Whether you believe depression is caused by external circumstances or a chemical imbalance in the brain or both, meditation has many strengths as a holistic treatment option., an exhaustive meditation website, specifically recommends the Metta Bhavana practice (the development of what is known in the East as “lovingkindness”) for those with depression. It has been scientifically shown to be effective. It has no side effects, and it is easy and affordable.

   ~ Jillian Avey, 


More Information/Sources:

How to Treat Depression with Meditation

Natural Cure For Depression–The Best Scientifically Proven At Home Depression Treatment

 List of antidepressants and their side effects

 Some Prozac (fluoxetine) Side Effects might not be side effects at all; they may be symptoms of your underlying anxiety.

 Meditation and depression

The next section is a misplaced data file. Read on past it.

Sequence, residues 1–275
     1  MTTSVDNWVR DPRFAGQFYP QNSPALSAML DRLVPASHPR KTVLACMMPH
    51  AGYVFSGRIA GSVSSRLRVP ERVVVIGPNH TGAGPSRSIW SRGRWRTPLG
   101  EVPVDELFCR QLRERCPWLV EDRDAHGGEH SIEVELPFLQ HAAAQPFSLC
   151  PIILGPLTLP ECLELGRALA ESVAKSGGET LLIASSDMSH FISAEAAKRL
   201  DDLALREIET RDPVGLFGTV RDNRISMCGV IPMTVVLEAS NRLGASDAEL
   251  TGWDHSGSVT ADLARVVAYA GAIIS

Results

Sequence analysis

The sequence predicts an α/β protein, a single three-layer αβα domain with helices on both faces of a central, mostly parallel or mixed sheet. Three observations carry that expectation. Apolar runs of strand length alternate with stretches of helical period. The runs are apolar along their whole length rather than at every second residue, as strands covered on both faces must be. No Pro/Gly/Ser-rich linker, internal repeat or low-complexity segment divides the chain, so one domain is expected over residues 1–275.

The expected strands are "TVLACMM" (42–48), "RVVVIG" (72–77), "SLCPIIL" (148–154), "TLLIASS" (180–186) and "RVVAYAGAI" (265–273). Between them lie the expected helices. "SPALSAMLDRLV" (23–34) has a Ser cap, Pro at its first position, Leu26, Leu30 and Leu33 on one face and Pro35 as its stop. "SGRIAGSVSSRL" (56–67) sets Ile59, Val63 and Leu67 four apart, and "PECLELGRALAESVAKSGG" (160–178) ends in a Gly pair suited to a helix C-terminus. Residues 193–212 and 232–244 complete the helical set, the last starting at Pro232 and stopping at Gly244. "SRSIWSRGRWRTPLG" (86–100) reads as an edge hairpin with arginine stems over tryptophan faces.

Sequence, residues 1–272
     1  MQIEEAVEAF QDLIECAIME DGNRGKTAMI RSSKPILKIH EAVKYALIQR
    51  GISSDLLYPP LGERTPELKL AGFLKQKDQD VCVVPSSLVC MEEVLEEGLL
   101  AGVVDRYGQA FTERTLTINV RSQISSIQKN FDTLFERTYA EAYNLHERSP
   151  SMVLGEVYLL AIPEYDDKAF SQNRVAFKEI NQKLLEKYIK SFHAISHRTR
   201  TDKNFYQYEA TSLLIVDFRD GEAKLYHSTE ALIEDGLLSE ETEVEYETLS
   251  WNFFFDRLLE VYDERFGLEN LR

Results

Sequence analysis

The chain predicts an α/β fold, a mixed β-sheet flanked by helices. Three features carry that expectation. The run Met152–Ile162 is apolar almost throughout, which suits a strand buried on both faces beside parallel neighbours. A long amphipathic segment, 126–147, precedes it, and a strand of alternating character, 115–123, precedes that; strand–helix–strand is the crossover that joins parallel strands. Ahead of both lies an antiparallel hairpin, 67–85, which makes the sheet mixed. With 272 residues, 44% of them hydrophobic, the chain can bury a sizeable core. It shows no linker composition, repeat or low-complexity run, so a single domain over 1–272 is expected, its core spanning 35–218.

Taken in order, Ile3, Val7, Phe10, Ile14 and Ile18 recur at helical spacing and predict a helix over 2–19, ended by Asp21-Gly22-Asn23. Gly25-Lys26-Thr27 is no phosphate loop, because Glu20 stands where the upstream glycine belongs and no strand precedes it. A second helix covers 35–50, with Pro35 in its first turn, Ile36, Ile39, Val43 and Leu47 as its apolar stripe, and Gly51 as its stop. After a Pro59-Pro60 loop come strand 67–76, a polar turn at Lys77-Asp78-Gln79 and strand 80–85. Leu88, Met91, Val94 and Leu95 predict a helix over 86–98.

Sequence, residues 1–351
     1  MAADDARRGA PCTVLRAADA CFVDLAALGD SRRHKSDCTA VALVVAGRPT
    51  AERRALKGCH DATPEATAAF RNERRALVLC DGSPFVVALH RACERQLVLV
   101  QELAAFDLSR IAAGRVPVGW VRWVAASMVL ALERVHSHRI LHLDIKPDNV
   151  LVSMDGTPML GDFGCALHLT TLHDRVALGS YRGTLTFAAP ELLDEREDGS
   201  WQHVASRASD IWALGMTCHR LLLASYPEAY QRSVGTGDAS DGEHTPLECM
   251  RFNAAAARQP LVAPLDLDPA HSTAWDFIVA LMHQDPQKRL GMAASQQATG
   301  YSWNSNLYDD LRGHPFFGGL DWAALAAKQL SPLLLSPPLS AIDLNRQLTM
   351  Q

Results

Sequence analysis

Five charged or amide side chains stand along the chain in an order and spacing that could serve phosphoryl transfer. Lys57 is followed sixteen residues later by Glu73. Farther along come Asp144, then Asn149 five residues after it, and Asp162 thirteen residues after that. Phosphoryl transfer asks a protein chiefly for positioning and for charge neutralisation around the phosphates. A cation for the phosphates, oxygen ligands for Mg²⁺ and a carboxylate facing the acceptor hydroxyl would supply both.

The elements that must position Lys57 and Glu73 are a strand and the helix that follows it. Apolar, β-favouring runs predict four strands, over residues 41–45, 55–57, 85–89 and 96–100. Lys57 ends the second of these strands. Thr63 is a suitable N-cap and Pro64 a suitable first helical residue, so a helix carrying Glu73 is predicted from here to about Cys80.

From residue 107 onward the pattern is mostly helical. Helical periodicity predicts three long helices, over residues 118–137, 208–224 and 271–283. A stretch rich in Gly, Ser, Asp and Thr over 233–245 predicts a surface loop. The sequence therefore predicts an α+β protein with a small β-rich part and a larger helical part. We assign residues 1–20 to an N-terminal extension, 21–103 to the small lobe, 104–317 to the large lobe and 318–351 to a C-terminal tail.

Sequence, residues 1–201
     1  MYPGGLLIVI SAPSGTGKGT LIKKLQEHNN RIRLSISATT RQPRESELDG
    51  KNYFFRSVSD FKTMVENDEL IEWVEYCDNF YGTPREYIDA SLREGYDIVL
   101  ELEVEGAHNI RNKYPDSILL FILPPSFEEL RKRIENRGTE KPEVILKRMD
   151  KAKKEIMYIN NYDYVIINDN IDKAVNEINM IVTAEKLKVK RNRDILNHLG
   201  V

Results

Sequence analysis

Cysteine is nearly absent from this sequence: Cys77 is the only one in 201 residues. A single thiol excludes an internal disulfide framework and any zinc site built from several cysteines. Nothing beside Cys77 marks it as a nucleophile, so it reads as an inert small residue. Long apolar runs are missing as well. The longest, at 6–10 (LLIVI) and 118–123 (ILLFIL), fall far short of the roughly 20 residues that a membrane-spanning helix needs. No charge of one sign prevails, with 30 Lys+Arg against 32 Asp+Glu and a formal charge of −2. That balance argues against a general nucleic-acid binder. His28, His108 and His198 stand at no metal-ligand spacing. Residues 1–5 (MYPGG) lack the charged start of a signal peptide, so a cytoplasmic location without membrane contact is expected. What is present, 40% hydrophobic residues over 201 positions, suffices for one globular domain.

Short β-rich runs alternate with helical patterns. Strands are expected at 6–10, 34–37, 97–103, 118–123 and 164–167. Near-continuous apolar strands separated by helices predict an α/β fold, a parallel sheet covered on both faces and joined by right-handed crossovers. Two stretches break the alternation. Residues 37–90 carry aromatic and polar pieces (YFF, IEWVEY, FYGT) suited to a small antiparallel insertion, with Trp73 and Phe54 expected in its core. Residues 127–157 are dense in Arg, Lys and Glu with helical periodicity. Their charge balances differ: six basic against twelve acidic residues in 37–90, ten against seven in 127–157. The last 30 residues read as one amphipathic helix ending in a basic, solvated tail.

The Best Natural Treatments for Depression

Relieve Anxiety Without Medication

The ancient art and science of meditation, as it has made its way from the East to the West, has been transformed from its Buddhist roots. In the modern world of the West, meditation is used to help eliminate medical problems, bring people greater prosperity, and reduce anxiety.

Fountain Anxiety is a state of uneasiness, of apprehension—often about future events that one is anticipating with negative or positive associations. Meditation relieves uneasiness and apprehensiveness in a number of ways. First of all, anxiety is generally brought on by the incessant stream of thoughts running through one's mind whether it's the to-do list or what to cook for dinner. Meditation's #1 purpose is to turn off that never-ending voice in the head, in order to experience calmness and stillness—even for just a few precious minutes. For example, many people can understand how taking an afternoon power nap can be rejuvenating to the mind and body. Meditation takes that same state of mental relaxation to another level. While, of course, you'll know that your “problems” are waiting for you when you come out of the meditation, you'll have a renewed sense of being, peace, and tranquility in approaching them.